Two optical factors remain for describing an embodiment: the size of the optical elements and the elements' aberrations. Size must be specified because cube corner prisms in sheetings are small enough that their diffraction characteristics significantly affect retroreflectance. Geometric efficiency depends the effective aperture area relative to the whole structure area. Diffraction efficiency depends on the absolute area and the shape of the effective aperture. Element size and aberration should be chosen according to the intended application of the sheeting. The cube corners of the present invention are intended for road sign and similar sheeting applications. Road sign sheeting primarily for long distance retroreflection will have relatively large prisms, with triangle areas greater than 0.03 mm^{2}, and small aberrations in order to produce a tight retroreflected light beam, perhaps specified to just 0.5° of divergence. Road sign sheeting intended for short distance retroreflection should have intentional aberrations for spreading the retroreflected light into a wider beam, perhaps specified to 2.0° divergence. It is then convenient and economical to make the prisms rather small, with triangle areas less than 0.015 mm^{2}, and let diffraction do some of the spreading. This precludes an intentional reduction at the center of the beam, but there is little to be gained from that strategy. The expected levels of retroreflected beam intensity across a 2.0° divergent beam are ¼ the levels across a 0.5° divergent beam of similar form. Thus designing a short distance road sign sheeting is much more challenging than designing a long distance road sign sheeting. While the high geometric efficiency of the cube corners of the present invention make them suitable for short distance road sign sheeting, this preferred embodiment is a medium distance road sign sheeting, intended for the majority of road signs
This preferred embodiment is a ruling of quasitriangular 53°60°67° cube corners, with axis displacement ρ=0.5, and triangle area 0.015 mm^{2}. The triangle area being 0.015 mm^{2 }implies that all the unitless linear dimensions in TABLE 2 must be multiplied by √{square root over (0.015 mm^{2})}=0.1225 mm to give the ruling dimensions in TABLE 3.
TABLE 3  
groove  groove  groove  
vee  spacing  depth  
g_{1}  59.35°  0.173 mm  0.088 mm  
g_{2}  68.88°  0.160 mm  0.076 mm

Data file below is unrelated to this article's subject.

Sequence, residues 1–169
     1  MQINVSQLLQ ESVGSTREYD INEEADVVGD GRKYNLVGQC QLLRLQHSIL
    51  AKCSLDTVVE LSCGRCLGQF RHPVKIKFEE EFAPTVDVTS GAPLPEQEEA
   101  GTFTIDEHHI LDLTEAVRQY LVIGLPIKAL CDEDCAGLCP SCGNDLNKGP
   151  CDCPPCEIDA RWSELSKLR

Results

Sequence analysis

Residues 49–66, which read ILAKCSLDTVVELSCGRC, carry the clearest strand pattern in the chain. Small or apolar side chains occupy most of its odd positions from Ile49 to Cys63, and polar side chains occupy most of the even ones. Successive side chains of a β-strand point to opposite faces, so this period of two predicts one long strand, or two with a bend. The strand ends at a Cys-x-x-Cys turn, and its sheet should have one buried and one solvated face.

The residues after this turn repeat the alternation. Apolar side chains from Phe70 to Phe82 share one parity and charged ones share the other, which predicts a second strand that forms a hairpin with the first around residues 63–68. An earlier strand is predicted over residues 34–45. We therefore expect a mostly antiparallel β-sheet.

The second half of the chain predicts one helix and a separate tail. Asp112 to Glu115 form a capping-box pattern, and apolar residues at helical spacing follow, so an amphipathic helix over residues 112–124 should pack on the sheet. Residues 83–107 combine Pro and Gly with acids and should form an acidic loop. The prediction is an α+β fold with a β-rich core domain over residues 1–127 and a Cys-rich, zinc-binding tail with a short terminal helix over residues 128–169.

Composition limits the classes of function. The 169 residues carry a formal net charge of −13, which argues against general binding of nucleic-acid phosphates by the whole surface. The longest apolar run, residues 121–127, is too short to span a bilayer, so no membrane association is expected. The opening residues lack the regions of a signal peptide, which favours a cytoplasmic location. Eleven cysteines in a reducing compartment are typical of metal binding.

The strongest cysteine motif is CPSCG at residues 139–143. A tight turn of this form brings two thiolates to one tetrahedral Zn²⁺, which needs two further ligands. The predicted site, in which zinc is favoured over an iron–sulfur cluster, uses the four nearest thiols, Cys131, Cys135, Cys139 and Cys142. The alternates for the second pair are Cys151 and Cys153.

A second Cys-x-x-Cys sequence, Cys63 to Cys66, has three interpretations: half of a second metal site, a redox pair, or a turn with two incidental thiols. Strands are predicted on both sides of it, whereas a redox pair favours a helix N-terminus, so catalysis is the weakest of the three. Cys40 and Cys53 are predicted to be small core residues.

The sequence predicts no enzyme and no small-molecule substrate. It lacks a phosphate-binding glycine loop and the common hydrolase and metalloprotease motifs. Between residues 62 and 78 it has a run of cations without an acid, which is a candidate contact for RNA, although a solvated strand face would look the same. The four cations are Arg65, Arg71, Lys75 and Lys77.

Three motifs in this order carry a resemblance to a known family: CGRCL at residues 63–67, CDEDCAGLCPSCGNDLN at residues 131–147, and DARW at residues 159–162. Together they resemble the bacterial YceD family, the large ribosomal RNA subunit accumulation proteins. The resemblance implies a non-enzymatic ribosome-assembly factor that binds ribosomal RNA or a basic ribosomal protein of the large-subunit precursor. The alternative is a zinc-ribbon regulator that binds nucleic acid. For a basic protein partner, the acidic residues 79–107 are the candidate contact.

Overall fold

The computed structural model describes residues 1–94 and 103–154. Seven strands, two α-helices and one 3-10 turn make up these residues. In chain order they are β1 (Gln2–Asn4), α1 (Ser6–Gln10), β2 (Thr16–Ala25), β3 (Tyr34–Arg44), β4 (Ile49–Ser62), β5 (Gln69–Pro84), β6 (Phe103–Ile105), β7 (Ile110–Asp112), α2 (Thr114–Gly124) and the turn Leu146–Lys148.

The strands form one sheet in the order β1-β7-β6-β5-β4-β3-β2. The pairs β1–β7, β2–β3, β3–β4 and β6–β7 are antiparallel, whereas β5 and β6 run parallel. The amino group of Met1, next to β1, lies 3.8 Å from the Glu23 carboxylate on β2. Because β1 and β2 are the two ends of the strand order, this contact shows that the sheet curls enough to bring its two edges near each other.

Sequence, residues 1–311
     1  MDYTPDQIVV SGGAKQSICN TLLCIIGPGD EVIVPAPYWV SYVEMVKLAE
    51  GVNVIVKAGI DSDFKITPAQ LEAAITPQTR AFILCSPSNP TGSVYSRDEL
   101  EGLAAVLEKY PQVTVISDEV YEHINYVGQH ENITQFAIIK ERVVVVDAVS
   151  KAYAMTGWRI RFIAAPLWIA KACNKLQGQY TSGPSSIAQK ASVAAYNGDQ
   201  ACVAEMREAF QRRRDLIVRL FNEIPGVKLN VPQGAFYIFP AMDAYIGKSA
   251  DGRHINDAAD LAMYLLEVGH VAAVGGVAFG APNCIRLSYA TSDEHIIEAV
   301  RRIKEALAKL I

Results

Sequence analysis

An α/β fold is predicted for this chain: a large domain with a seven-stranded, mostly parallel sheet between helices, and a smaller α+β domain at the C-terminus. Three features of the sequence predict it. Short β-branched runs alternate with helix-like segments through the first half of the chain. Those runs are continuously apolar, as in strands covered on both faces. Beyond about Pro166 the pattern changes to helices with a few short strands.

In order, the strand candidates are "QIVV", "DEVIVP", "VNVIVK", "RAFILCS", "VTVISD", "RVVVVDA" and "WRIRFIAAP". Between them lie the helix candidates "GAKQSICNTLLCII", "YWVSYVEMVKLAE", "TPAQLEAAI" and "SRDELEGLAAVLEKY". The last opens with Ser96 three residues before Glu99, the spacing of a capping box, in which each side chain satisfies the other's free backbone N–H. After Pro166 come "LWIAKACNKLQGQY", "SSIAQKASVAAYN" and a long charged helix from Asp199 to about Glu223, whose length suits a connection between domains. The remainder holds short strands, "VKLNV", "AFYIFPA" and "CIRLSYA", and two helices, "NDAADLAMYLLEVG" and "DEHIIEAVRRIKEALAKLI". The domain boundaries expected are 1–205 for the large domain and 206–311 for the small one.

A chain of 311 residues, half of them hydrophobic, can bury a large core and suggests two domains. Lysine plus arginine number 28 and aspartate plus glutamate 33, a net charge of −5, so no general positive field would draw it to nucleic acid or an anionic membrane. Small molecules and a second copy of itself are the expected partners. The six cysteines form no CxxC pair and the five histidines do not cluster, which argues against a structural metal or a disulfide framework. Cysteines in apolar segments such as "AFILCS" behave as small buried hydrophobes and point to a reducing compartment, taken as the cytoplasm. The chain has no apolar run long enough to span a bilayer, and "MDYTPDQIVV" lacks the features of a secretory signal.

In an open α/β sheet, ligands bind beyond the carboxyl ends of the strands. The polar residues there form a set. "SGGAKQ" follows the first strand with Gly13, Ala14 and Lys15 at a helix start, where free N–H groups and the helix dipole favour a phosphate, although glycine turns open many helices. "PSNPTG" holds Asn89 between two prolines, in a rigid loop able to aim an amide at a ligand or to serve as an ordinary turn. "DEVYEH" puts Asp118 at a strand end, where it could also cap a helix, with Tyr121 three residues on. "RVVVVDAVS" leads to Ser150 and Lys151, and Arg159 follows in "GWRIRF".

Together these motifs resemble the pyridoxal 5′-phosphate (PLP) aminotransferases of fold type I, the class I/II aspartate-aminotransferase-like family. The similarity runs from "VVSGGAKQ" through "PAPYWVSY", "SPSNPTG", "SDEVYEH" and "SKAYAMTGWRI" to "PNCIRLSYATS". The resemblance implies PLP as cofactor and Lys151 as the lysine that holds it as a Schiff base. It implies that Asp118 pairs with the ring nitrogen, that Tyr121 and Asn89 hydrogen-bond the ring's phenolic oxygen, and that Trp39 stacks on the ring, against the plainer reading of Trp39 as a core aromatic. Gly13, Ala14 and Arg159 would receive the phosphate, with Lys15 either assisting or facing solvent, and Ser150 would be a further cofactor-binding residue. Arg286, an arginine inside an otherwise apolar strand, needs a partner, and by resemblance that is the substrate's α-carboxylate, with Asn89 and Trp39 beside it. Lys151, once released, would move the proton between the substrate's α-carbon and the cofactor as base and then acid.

g_{3}  82.54°  0.150 mm  0.066 mm  
Users of the invention will do more accurate calculation for groove vee and groove spacing than given in TABLE 3. However, groove depth is not critical. Error of 0.001 mm in groove depth leads to small error in ρ or small deviation of the apex from the HG line, which can be tolerated.
Methods for introducing cube corner aberrations during ruling are wellknown in the art from Appeldorn U.S. Pat. No. 4,775,219. Pending U.S. patent application Ser. No. 10/167,135, filed Jun. 11, 2002, claiming the benefit of Ser. No. 60/297,394, filed Jun. 11, 2001, discloses other methods. Yet another method for introducing cube corner aberrations during the tool making process, disclosed in a pending U.S. patent application filed Dec. 12, 2002 entitled “Retroreflector with Controlled Divergence Made by the Method of Localized Substrate Stress”, is employed in the present preferred embodiment. The sheeting is assumed to be embossed in clear colorless polycarbonate by the methods disclosed in Pricone et al. U.S. Pat. No. 4,486,363, using tools made by methods disclosed in Pricone U.S. Pat. No. 4,478,769 and containing the cube corners described by TABLE 3 as modified with aberrations similar in scale and distribution to those disclosed in the Dec. 12, 2002 application. Specifically, the average dihedral angle is 1.0 arc minutes and the standard deviation is 7.3 arc minutes.
At the time of this application there are only calculated coefficients of retroreflection, R_{A}, for a sheeting. The calculations include the effects of polarization and diffraction in accordance with the methods of Edson R. Peck (“Polarization Properties of Corner Reflectors and Cavities”, Journal of the Optical Society of America, Volume 52, Number 3, March, 1962). Retroreflection involving multiple cubes is ignored. An R_{A }reduction of 30% is allowed for the nonretroreflecting area of welds in nonmetallized sheeting and an additional 10% is allowed for defects in tooling, materials and manufacturing.
R_{A }measures the luminous intensity of the retroreflectedlight relative to the perpendicular illuminance provided by the illumination beam, for one square meter of sheeting. The ASTM test method measures this intensity at various divergence angles α in the plane that contains the illumination direction and the sheeting surface normal. Angle ε in the ASTM E 81002 test method is equal to orientation angle ω. All retroreflection angles are explained in ASTM E 80801 Standard Practice for Describing Retroreflection. Angle ω of this application is denoted “ω_{s}” in the ASTM document.
Table 4, derived from
TABLE 4  
α  β_{1}  β_{2}  ε  R_{A}  
1  0.1°  −4°  0°  0°  917  
2  0.1°  −4°  0°  90°  859  
3  0.1°  ^{ }30°  0°  0°  594  
4  0.1°  ^{ }30°  0°  90°  437  
5  0.2°  −4°  0°  0°  561  
6  0.2°  −4°  0°  90°  493  
7  0.2°  ^{ }30°  0°  0°  376  
8  0.2°  ^{ }30°  0°  90°  329  
9  0.5°  −4°  0°  0°  377  
10  0.5°  −4°  0°  90°  422  
11  0.5°  ^{ }30°  0°  0°  276  
12  0.5°  ^{ }30°  0°  90°  139  
13  1.0°  −4°  0°  0°  103  
14  1.0°  −4°  0°  90°  95  
15  1.0°  ^{ }30°  0°  0°  82  
16  1.0°  ^{ }30°  0°  90°  45  
Those skilled in the art will appreciate that the above preferred embodiment is only illustrative of the invention, and that many modifications and variations are possible without departing from the scope and spirit of the invention. It is expected that road signs made from sheetings made according to the invention will efficiently retroreflect vehicle head lights at night and be bright from sun and skylight by day.